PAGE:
There is a woeful lack of climate change action at the federal level, but states are again taking the lead on ways to address climate change in aggressive, cost effective ways. Below is a list of recent actions at the state and regional level.
In July, Resources for the Future issued a report assessing Colorado’s goal to reduce greenhouse gas emissions by at least 26% below 2005 levels by 2025, and by 90% by 2050. The report looked at market-based solutions including the use of carbon offsets and concluded that a cap and trade approach would be the most cost effective, and further concluded that linking to California’s existing cap and trade program would be even more cost effective than a Colorado-only program.
In August, Louisiana’s Governor Edwards signed an executive order that mandates the state achieve net zero emissions by 2050. The order also calls for the creation of the Climate Initiatives Task Force which will make recommendations on how to meet that goal. The interim report is due to the legislature in February 2021, with a detailed plan to be submitted by February 2022.
Also in August, Illinois’ Governor Pritzker released a report entitled “Eight Principles for a Clean and Renewable Illinois Economy”. Principle Four calls for a market-based approach to pricing carbon emissions.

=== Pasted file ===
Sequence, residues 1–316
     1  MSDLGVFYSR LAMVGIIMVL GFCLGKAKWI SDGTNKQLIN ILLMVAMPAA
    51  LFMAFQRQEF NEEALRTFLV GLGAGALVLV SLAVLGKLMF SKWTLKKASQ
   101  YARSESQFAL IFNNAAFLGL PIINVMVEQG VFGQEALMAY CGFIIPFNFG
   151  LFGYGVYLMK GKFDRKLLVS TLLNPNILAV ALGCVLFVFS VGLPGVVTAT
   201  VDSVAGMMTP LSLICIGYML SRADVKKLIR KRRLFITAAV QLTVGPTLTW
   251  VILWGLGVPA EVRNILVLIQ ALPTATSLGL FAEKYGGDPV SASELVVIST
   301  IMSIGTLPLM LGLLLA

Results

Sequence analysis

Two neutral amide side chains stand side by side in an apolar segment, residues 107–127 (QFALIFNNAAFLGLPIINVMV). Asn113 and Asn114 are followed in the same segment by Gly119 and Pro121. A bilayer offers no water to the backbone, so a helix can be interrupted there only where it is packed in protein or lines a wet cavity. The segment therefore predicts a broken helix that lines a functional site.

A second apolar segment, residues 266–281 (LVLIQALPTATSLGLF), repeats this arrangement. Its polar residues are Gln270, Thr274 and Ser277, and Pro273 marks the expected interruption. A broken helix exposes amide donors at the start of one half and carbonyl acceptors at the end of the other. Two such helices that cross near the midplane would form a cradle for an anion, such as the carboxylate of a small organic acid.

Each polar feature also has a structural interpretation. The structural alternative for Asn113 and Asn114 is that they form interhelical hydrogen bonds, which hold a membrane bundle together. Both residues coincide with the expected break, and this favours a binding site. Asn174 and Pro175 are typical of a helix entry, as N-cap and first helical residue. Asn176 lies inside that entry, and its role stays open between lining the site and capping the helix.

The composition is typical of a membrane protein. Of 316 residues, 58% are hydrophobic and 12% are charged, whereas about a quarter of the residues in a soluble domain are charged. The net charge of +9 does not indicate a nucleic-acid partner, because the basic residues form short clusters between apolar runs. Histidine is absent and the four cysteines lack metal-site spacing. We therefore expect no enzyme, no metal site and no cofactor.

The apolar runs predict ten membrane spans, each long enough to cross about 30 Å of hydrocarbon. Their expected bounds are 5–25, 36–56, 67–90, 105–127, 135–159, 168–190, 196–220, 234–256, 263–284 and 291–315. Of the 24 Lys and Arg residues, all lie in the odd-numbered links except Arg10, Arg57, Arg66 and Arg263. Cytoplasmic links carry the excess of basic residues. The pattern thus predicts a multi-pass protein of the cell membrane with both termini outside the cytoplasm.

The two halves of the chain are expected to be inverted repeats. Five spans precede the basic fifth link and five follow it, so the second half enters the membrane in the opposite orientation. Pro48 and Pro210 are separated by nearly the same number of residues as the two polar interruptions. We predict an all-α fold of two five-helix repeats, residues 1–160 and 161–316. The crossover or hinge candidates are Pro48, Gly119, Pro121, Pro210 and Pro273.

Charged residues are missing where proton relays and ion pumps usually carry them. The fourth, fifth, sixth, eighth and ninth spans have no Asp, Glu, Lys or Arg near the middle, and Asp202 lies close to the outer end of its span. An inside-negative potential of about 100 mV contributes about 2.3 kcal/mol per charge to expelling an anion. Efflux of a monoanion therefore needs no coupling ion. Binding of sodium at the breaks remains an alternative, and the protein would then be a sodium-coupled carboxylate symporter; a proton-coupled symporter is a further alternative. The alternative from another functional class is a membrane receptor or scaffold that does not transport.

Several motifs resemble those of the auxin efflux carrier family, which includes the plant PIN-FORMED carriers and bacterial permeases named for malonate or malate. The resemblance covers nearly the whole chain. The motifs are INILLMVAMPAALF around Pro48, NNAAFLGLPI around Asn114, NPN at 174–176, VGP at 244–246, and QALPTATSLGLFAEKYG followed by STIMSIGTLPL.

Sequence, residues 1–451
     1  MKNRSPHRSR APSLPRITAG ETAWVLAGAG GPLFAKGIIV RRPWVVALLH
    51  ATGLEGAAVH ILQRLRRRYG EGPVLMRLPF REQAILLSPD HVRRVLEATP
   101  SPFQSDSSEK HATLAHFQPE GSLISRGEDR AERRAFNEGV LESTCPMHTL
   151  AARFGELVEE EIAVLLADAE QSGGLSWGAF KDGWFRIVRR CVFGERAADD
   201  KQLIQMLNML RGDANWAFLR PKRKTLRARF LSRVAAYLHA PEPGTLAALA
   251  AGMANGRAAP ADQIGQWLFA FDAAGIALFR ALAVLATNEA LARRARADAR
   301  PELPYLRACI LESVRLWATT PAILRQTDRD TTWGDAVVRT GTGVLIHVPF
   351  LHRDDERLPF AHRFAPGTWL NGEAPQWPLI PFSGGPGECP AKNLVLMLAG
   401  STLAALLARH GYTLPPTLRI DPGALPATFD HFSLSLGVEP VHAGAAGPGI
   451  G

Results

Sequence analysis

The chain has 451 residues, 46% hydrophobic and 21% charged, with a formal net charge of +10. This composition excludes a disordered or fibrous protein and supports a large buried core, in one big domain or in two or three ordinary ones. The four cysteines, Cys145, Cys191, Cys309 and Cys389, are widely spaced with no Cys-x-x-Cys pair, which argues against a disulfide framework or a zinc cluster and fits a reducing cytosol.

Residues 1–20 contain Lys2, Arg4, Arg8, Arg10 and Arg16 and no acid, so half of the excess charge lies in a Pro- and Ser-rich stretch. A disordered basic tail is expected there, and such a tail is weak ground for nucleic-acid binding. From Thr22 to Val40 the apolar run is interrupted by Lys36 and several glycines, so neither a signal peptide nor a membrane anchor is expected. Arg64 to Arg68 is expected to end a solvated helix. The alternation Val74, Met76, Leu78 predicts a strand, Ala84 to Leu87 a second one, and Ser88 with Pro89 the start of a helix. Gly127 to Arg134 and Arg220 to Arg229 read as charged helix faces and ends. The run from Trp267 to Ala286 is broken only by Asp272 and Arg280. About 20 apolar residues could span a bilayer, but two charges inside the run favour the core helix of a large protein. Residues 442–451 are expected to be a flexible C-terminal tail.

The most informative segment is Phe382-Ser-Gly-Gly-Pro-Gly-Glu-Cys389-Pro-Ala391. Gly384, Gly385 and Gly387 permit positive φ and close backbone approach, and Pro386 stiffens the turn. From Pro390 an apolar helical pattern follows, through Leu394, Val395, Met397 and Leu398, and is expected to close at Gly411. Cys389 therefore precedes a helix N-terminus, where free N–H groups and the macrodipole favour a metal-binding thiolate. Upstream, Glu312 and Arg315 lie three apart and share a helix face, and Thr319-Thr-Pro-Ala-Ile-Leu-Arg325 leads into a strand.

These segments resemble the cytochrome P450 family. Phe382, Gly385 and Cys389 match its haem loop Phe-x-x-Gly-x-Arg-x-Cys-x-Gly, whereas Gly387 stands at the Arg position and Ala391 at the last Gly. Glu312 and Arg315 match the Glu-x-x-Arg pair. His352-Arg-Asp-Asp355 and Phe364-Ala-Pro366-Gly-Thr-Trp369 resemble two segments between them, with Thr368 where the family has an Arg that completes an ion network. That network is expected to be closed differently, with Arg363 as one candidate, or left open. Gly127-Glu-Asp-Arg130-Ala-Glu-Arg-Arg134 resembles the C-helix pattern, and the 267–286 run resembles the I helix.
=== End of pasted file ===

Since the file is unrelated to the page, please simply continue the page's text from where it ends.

Michigan’s Governor Whitmer signed two Executive Orders in late September requiring the state reduce carbon emissions by 28% from 1990 levels by 2025 and targeting carbon neutrality by 2050. The plan includes incentives for agriculture-based carbon offsets. Michigan’s newly announced Council on Climate Solutions is tasked with creating a workable program, including carbon market options.
The Transportation Climate Initiative (TCI), comprised of 12 Eastern states and DC, seeks to regulate and reduce region-wide vehicle emissions. TCI is expected to release its program recommendations later this fall with the hope of having the program up and running by 2022. Sensing that TCI will become reality, a business coalition was formed in late September to advocate for the implementation of the expected TCI cap and trade program. BP, Shell, National Grid and Ford are among its members.
Through the summer and fall, Oregon’s Department of Environmental Quality has continued its public outreach to assess the use of carbon offsets as part of the state’s Executive Order 20-04, which calls for greenhouse gas reductions of at least 80% below 1990 levels by 2050. The program is set to start in early 2022.
Clearly, the lack of federal leadership in addressing climate change leaves a void. Thankfully, more and more states are stepping into that void.
Resources for the Future Report
LA’s Executive Order on Climate
Illinois’ Eight Principles for a Clean Renewable Economy
Governor Whitmer’s Announcement
TCI – Coalition For a Better Business Environment Announcement